But I began my 13.1-mile trek, still hoping that someone would tell me I was too dehydrated to go on, but knowing that I could suffer through the rest of the race. After about 6 hours, I turned my watch off. There was no point in looking at the time any more. In my wildest imagination, I did not dream that a this race would take more than 6.5 hours, even on a TERRIBLE day*. It just goes to show that you can never predict what will happen during an endurance race like this.
On my second lap, I met an entertaining Brazilian lawyer named Edison. We both complained about the difficulty of the course and I mentioned how slow my time would be compared to my normal performances Edison said something that resonated with me: “This is your new PR- your perseverance record.” What a wonderful way to look at a race like this. It would have been so much easier to quit, but we all carried on. If I finished, this would be my new perseverance record.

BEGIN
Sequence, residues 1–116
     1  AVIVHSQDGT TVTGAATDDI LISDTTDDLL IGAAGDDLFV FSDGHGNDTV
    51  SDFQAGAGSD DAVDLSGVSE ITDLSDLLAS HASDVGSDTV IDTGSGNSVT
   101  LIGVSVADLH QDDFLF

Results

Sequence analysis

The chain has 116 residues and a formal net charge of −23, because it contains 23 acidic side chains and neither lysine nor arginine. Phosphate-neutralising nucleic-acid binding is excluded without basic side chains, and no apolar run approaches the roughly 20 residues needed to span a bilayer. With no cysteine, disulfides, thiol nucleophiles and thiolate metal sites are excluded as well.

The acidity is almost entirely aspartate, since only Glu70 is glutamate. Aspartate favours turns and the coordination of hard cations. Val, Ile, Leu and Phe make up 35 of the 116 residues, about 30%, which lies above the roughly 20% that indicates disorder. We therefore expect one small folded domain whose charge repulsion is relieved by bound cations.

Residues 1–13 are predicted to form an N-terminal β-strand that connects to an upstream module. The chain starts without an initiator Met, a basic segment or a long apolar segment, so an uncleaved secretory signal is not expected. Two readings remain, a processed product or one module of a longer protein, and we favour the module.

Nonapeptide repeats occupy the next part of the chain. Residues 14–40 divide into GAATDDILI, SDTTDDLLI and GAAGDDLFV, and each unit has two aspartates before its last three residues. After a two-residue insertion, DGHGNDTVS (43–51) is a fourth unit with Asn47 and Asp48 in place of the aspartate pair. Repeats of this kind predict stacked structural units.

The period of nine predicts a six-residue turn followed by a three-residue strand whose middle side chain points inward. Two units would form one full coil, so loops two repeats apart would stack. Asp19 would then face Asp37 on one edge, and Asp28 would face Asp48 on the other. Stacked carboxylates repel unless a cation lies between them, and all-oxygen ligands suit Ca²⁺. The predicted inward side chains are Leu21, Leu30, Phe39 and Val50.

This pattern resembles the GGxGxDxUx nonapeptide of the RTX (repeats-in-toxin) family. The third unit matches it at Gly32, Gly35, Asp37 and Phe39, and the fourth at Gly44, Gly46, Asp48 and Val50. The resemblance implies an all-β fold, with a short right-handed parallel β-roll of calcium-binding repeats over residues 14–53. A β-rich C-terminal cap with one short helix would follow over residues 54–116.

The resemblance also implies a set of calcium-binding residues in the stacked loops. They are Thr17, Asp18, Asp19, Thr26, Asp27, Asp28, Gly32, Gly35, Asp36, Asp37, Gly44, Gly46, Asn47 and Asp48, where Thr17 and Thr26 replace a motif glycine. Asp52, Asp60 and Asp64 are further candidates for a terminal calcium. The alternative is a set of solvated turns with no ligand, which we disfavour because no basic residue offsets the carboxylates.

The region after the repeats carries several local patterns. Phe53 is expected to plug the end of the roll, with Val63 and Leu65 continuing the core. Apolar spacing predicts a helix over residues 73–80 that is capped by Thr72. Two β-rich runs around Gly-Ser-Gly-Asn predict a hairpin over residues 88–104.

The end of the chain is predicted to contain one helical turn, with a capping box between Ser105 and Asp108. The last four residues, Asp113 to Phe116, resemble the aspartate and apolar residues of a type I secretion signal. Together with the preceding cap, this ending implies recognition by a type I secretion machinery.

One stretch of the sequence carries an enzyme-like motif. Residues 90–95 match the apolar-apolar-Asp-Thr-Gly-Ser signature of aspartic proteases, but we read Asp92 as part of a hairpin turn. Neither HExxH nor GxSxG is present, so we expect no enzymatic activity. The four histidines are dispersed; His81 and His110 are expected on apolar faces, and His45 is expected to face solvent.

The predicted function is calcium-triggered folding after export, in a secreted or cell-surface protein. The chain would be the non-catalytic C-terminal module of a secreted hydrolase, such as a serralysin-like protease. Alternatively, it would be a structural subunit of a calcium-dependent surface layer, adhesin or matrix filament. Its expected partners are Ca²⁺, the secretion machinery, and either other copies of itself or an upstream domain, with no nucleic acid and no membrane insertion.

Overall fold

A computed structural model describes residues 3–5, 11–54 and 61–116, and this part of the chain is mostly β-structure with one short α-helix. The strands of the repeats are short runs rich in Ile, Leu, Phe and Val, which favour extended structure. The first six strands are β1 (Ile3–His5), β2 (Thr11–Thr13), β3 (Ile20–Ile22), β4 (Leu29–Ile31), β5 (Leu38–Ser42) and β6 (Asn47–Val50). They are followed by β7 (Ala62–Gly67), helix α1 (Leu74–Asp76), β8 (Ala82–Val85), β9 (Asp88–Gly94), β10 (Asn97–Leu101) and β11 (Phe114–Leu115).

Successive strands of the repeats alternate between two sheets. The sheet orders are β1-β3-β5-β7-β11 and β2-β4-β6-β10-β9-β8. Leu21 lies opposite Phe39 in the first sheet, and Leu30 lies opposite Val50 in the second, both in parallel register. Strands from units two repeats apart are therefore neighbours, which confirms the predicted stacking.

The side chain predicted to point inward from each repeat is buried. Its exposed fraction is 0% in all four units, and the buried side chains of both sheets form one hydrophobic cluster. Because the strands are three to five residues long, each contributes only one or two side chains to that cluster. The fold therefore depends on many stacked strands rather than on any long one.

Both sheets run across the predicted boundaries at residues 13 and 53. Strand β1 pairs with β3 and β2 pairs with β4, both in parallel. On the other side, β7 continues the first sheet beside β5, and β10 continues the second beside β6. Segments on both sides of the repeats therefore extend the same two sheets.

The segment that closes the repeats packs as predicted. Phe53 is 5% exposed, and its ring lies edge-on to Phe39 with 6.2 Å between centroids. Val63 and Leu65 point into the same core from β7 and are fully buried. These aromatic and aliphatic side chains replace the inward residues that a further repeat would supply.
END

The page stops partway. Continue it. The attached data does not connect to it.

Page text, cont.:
There were no mile markers (which might have been a blessing)- only markers every 3-5k. I couldn’t focus on anything. I had no rhythm. I ran when I could, but every time I was out from under shade, I felt my body shut down.
At the start of my second loop, I saw my mom again. She asked if she should meet me at the finish. I said yes, knowing that it would be a long time before I saw her again. I felt short of breath and tried to fight back tears. I wasn’t crying because of how I felt. I was crying because I was thinking about now hard it had been for me to even bring myself to show up for this race.